Phytelligence is an agricultural biotechnology company that is revolutionizing food crops. Utilizing its proprietary growing techniques to provide superior quality crops, Phytelligence enables higher grower profit by increasing speed to harvest while reducing input costs. Phytelligence provides additional value to food crop growers and plant breeders through the application of advanced genetics enabling delivery of accurate plants, disease screening, plant repository services, securing of intellectual property, and the ability to co-develop new varieties of food crops. In addition, Phytelligence has a growing pipeline of biological and compound solutions aimed at improving returns throughout the food crop value chain.

Phytelligence was founded by Dr. Amit Dhingra in 2012 out of his Horticulture Genomics and Biotechnology Research laboratory at Washington State University and is headquartered in Seattle with offices in Pullman, Washington and Portland, Oregon.  In 2016, Phytelligence expanded their footprint including securing an 8-acre Seattle-based greenhouse space and a Portland-based tissue culture lab. Currently, Phytelligence has 50 employees with immediate plans to continue hiring in the near future.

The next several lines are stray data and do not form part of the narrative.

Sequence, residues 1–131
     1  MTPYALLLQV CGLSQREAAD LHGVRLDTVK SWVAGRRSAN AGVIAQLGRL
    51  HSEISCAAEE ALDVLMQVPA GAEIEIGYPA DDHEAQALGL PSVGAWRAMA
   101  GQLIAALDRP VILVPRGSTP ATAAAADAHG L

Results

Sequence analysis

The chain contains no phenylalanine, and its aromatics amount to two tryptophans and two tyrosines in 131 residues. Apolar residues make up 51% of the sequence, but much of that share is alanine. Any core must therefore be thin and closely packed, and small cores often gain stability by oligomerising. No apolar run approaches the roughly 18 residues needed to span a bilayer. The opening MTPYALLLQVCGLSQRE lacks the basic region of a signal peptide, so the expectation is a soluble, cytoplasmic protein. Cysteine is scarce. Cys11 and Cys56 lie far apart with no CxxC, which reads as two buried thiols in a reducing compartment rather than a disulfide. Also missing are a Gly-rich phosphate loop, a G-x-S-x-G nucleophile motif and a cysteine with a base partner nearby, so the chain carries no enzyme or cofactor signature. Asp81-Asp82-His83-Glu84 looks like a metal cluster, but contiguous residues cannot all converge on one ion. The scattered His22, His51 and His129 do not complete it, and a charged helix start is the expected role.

Phytelligence Sells Out Entire Capacity for Spring 2017 Orders

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Phytelligence, a platform agricultural biotechnology company that is revolutionizing the way food crops are grown, today announced the closing of their Spring 2017 booking season, turning away over 1 million in unfulfilled plant requests due to selling out their entire plant capacity. Despite expanding their volume 10 times over from 2015 to 2016, Phytelligence sold out of their available plant stock for the Spring 2017 season. The company is rapidly increasing capacity to support growers and remedy the severe shortage of quality rootstock in the industry. Phytelligence is already booking orders for Spring 2018 and expects a short selling window as growers scramble for viable plants.

 

Founder and Chief Science Officer Amit Dhingra said, “I founded Phytelligence in 2012 to solve growers problems, including the scarcity of good quality plant materials and rootstock. We will continue to grow at a rapid pace until we have serviced our grower customers’ needs.”